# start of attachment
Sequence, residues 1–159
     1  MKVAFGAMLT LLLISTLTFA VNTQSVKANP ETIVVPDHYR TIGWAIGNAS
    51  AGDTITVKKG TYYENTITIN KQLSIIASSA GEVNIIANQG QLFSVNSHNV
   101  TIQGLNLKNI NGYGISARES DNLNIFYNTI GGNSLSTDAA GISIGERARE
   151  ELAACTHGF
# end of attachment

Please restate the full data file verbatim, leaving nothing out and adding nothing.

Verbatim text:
Sequence, residues 1–159
     1  MKVAFGAMLT LLLISTLTFA VNTQSVKANP ETIVVPDHYR TIGWAIGNAS
    51  AGDTITVKKG TYYENTITIN KQLSIIASSA GEVNIIANQG QLFSVNSHNV
   101  TIQGLNLKNI NGYGISARES DNLNIFYNTI GGNSLSTDAA GISIGERARE
   151  ELAACTHGF